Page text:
Bad news renters: Don't expect much relief in 2016.
Next year, experts predict rents will rise faster than inflation, increasing around 3%-5% on a national level.
"We are already in a rental affordability crisis, and 2016 won't let up," said Svenja Gudell, chief economist at Zillow.
In the years following the financial crisis, vacancy rates have plummeted as demand for renting rose, sending rents soaring.
But here's the good news: While rents are expected to continue to climb next year, the pace will start to slow in some areas.
Prices in the country's hottest rental markets, like San Francisco, Boston and New York City, are expected to plateau, according to Devin O'Brien, head of strategic marketing at rental platform Zumper.
Spillover from those hot markets, however, will push prices higher in surrounding areas as renters get priced out. For instance, O'Brien expects price gains in Oakland to outpace those in San Francisco in 2016. And rents in Cambridge will see a major rise as renters seek a cheaper alternative to Boston. He's also expecting strong rental growth in Austin, Dallas, Houston and Miami.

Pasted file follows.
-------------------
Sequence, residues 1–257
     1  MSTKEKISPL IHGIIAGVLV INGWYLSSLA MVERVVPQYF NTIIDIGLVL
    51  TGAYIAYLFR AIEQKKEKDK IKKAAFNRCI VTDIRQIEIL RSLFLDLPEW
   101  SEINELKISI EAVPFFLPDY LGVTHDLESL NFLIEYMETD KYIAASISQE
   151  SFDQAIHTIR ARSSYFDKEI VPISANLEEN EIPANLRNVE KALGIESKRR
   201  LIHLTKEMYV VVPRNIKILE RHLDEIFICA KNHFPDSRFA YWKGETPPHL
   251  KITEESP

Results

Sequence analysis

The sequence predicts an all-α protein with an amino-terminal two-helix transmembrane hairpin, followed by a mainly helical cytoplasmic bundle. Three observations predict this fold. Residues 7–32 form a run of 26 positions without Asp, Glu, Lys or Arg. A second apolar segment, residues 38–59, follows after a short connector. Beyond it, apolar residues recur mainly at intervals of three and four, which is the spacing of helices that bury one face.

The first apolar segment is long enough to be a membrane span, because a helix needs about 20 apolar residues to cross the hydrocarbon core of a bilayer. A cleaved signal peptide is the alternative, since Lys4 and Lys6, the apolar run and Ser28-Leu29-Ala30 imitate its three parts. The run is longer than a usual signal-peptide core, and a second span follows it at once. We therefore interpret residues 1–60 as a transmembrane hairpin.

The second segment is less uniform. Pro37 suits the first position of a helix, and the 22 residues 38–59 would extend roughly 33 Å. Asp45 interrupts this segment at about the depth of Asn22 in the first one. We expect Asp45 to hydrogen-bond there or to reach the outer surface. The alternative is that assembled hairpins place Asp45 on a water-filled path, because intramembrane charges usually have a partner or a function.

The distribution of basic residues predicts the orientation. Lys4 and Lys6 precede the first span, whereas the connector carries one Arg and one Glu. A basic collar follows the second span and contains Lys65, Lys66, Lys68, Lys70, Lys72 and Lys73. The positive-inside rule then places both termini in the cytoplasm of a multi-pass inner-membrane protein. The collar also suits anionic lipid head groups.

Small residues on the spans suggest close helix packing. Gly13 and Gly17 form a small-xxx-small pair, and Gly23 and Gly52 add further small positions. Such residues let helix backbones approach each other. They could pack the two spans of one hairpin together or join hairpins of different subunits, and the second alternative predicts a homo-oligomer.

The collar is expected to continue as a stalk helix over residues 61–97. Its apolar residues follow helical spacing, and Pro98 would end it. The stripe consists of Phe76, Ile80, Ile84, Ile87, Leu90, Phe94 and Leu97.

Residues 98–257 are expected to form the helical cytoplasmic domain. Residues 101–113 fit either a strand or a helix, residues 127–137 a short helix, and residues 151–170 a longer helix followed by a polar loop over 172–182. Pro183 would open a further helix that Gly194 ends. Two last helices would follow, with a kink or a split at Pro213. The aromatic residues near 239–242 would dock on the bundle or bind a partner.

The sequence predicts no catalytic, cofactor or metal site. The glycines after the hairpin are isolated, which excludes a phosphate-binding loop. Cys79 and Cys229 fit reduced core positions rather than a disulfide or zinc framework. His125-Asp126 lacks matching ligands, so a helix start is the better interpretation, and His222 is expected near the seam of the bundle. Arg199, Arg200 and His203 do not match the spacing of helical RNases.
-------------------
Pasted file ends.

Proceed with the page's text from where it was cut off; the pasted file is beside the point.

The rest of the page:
While new construction will bring new rental units on the market, it isn't likely to keep up with growing demand. Vacancy rates are so low in many places that it'll take at least a year for supply to catch up to demand, according to research from Yardi Matrix. Plus, new inventory tends to be high-end, which won't be much help with rental affordability.
Rising mortgage rates could also push rents higher. The Federal Reserve is expected to start raising interest rates for the first time in nine years, which could keep people in the rental market longer. Higher interest rates increase borrowing costs, boxing out potential buyers and sending rents even higher.
Paying more toward monthly rent makes it harder to save for a down payment and eventually become a homeowner, which could force people to stay in the rental market longer.
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